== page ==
page of handwritten diary by 12-year-old Sheila Cohen kept in London during World War II

War time diary of 12-year-old Sheila Cohen, living in London, 1940 (Jewish Museum, London – I took this photo in December 2018)

Be sure to keep a diary of these challenging times of the COVID-19 pandemic!

It doesn’t have to be a diary like the one pictured above, kept by 12-year-old Sheila Cohen during World War II in London. In this day and age, you can download and save your Facebook posts, WhatsApp Chats or Snapchat stories. You can plop the photos you’re sharing of empty toilet paper shelves into an online photo album. A friend of mine in Jerusalem is doing daily posts on Facebook of what it’s like to suddenly have to home school and entertain her kids all day:

Facebook post detailing keeping two kids busy at home, image shows plate with cucumbers, carrots and peppers arranged in a mandela

You can, of course, sit down every evening and write a few lines about what happened to you that day. I am sticking with my Morning Pages routine, except that now daily entries are titled “Day # of COVID-19 home stay.” I’m also saving some of my WhatsApp chats like I did with my WhatsApp travel journal last year.

The point is to do yourself and your loved ones, especially those who will come after you, the favor and keep a record of what it was like to live through the COVID-19 pandemic. It will be an invaluable record, and it also has a calming effect on you.

Keep it personal. All the national stuff will be recorded by the history books. But the experience of ordinary folks is what will be most compelling to future generations. This is why, on different scale but nevertheless, the two most popular books about the Holocaust are memoirs: The Diary of a Young Girl by Anne FrankĀ and Elie Wiesel’s Night.

Be sure to capture the mundane details, the decision making, the anxieties: your trials and tribulations, the hunt for toilet paper, hand sanitizer, soap, the stress of moving your job online or grandma’s nursing home shutting its doors to visitors, the travel bans and ever-changing notifications by the authorities, whether about pushing back the April 15 tax filing deadline, or closing all liquor stores (in Illinois yesterday).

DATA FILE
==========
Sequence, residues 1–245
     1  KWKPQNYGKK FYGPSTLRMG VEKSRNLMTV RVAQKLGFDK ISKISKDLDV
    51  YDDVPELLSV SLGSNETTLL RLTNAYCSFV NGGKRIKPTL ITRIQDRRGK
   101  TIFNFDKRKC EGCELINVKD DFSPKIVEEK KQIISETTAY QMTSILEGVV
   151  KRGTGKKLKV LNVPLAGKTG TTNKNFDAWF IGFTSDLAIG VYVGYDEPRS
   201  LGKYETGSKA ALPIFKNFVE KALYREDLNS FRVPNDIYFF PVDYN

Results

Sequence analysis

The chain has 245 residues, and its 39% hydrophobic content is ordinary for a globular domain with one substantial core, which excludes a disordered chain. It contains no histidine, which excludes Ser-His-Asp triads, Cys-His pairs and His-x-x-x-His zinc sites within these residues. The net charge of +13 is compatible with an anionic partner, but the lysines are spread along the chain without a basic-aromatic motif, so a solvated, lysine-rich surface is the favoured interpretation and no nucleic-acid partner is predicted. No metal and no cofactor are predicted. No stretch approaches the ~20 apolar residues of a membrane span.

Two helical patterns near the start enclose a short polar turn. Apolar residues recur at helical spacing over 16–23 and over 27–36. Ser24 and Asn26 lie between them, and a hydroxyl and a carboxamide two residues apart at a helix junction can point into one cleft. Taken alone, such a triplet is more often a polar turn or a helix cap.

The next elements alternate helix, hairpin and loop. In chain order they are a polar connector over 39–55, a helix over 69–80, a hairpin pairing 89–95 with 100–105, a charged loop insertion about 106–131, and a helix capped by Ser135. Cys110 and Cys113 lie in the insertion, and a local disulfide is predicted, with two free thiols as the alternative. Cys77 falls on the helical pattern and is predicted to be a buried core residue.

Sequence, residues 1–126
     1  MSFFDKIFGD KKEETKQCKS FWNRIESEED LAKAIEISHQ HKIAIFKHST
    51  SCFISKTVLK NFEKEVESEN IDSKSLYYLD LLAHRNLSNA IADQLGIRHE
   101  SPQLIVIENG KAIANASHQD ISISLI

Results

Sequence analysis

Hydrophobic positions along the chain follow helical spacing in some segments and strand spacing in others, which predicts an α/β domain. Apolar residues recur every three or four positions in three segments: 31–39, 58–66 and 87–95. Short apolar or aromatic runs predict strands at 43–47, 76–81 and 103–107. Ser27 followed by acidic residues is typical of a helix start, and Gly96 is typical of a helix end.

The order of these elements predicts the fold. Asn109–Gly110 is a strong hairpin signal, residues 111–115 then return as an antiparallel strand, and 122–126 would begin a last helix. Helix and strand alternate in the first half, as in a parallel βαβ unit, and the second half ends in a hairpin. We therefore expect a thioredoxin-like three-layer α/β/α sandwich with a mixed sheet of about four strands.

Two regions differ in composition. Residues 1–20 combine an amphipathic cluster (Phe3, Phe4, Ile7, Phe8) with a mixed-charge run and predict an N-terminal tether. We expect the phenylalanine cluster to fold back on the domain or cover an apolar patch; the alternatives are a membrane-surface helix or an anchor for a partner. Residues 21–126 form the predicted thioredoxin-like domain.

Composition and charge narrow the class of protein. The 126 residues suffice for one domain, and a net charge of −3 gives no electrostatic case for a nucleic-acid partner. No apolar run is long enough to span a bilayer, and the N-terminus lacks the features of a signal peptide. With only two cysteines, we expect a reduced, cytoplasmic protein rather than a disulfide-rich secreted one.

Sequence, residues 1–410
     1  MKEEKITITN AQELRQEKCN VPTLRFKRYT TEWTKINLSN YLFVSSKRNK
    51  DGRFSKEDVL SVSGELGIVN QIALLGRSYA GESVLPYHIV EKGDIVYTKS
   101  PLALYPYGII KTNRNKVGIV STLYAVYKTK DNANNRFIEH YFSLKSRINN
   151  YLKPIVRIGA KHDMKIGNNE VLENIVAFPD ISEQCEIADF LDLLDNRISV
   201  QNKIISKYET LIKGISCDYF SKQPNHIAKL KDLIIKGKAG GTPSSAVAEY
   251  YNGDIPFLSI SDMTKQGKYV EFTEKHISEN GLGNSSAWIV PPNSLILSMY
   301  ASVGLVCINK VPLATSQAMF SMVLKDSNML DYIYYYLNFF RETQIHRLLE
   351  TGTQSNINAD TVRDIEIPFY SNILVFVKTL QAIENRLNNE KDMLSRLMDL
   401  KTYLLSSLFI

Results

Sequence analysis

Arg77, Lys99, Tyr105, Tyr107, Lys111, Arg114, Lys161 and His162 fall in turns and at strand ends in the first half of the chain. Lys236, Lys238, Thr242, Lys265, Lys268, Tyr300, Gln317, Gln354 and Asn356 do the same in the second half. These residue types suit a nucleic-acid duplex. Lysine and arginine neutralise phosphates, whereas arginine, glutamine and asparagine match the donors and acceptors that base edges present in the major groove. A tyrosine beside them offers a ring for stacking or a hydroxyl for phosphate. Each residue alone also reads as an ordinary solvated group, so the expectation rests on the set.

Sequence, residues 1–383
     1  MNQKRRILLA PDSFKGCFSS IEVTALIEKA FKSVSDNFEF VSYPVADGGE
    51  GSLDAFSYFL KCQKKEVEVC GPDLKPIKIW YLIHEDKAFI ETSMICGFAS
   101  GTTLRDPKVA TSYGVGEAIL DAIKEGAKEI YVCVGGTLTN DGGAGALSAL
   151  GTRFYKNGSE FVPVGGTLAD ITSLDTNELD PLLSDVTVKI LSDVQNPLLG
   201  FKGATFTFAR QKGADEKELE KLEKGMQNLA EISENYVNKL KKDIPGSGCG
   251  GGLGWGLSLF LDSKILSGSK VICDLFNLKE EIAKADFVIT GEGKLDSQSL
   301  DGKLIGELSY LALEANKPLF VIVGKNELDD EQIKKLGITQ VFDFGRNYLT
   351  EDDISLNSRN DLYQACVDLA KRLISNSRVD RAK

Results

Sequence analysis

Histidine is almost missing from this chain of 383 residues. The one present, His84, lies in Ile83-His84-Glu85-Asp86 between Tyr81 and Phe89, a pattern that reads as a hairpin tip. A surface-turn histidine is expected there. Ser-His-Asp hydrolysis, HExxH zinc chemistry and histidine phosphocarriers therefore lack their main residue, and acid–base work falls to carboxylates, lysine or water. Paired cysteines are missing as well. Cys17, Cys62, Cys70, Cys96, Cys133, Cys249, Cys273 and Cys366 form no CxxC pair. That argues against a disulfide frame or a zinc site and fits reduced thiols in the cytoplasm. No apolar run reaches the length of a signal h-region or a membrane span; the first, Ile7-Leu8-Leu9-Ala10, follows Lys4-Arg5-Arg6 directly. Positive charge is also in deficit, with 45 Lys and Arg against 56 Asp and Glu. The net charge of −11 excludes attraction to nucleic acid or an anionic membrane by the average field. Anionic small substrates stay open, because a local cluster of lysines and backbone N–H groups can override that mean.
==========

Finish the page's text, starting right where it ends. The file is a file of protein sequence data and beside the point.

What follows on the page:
Image of empty shelfs in a supermarket where the potatoes used to be

WhatsApp message to my siblings: “Where the potatoes used to be – we were shopping today at a supermarket nearby to get some fresh stuff as long as that is still possible!”

Years from now, younger generations will ask: What was it like to deal with the COVID-19 pandemic?

My kids already asked what it was like to live through 9/11. They were alive, but they were very young. Now they are adults and are facing their first national (and in this case, international) catastrophe. And so they ask: What was it like? What did you worry about? What were you thinking?

And when we aren’t around anymore, those who come after us will dig through what records we left to find guidance, solace and inspiration when faced with their calamity. This is a moment when we can actively write family history because we know history is happening. And we ourselves will want to be able to look back. As events pile on, we will forget the day to day and how it all transpired.

We’re making history right now, in a big way, even in our small lives.

The disruption of daily life is unsettling, as is the uncertainty of what will happen, especially since we have never experienced something like this before. But neither did our ancestors. When we think about preparing for a calamity, we’re always fighting yesterday’s war because that’s all we know. Sometimes science fiction can be helpful in imagining what could transpire, but it never quite happens the way any human thought it would.

When faced with a calamity, we’re always facing the unknown.

It is always unique. That is the nature of the beast. As your own anxiety level mounts, it is reassuring to look back at how our ancestors faced their calamities. There is great solace in the knowledge that they got through it. Otherwise we would not be here.

Furthermore, taking some time at the end of your hectic day to write down or capture, in some other way, what happened to you, what moved or worried you, has a calming effect.

This practice gives you a few moments of mindfulness, of stopping time to see where you are at. And, for the vast majority of moments, you will find that you are OK.

In that very moment, despite all that is going on, you are OK. Reminding yourself of that is surely worth this little effort that will provide even greater solace and insight in years to come, in situations we cannot even imagine.

Be well, keep calm, and carry on!